The blade shape is described as being a drop point, but I would describe it more as a modified Wharncliffe.
It seems to work well for slicing-style cutting tasks, and also precision tip-work such as when scoring.
I should have cleaned the knife better before taking photos, but I thought it shows what I mean about tip-work. Some knife blades are shaped better for precision cutting, the Dividend is one such knife. But it’s not a uni-tasker. The “belly” of the knife is gently curved, but nicely optimized for general purpose use.
The flipper tab is small, but as large as it needs to be. It’s easy to feel for, and easy to press.
That’s a big benefit of the SpeedSafe opening mechanism, in my opinion – the flipper tab can be smaller. If this was a manual knife, a flipper lever that small might require too much force for a successful opening swing. My guess is that, if this were a manual knife, that flipper would only swing the blade open halfway without a flick wrist or other compensating energy transfer.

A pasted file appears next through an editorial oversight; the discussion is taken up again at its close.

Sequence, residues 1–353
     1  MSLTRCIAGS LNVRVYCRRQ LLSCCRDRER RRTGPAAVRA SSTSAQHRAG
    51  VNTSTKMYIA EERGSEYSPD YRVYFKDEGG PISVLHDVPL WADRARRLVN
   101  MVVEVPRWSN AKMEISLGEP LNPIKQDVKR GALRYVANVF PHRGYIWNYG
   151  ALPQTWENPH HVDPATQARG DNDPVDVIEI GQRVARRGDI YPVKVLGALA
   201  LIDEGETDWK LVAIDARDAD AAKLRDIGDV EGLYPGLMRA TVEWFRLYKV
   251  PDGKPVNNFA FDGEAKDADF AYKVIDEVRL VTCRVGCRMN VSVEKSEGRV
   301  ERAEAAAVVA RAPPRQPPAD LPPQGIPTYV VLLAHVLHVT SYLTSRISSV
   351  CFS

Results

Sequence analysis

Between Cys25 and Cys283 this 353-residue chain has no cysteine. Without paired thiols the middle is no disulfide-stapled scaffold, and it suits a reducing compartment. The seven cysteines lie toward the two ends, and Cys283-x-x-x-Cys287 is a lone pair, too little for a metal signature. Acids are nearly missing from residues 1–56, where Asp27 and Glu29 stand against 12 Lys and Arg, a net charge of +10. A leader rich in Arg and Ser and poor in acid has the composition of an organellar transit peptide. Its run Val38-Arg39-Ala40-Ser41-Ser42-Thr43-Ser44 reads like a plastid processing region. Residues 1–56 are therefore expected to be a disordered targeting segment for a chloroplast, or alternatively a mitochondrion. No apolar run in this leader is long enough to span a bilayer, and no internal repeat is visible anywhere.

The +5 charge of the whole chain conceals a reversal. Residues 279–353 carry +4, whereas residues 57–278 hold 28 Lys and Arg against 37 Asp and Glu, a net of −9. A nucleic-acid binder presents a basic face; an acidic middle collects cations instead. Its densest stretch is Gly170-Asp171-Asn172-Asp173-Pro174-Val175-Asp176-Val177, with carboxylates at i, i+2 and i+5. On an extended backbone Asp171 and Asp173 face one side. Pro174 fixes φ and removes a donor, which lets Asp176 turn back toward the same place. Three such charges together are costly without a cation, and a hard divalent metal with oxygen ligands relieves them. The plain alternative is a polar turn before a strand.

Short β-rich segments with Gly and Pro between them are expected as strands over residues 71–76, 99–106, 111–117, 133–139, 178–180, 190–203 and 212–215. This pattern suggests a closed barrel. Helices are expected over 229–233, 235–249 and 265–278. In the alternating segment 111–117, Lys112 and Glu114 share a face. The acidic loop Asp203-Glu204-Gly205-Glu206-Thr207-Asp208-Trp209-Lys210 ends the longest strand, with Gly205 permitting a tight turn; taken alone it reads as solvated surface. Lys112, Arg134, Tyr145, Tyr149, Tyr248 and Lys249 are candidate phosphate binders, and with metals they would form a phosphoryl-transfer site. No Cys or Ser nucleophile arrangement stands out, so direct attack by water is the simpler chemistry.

It’s a liner lock knife. You don’t have to dig your thumb in to release the lock and close the knife.
This is a well-done and comfortable implementation of a simple but strong and effective lock design.
I’ve taken a liking towards frame-lock designs, but you’re not going to find a frame-lock knife at this price.
The blade is perfectly centered, and you can see how the knife is constructed. There are two steel slabs, one serving as the liner lock, and the two anodized aluminum handle scales.
Sorry, I guess the lighting makes it look a little purple. It’s not. It’s a beigey gray.
The steel gives the knife strength and durability, the aluminum gives it a light feel and textured grip.
It’s got a backwards flag, I’m guessing to denote its USA manufacturing origins. I had to remind myself of the meaning.
The two threaded holes at the top show an alternate placement for the pocket clip.
Having 4 position options is unusual. With a lot of knives, especially inexpensive ones, you have places to move the pocket clip to, if you can move it anywhere at all. Sometimes the sole choice is “pocket clip or no pocket clip.”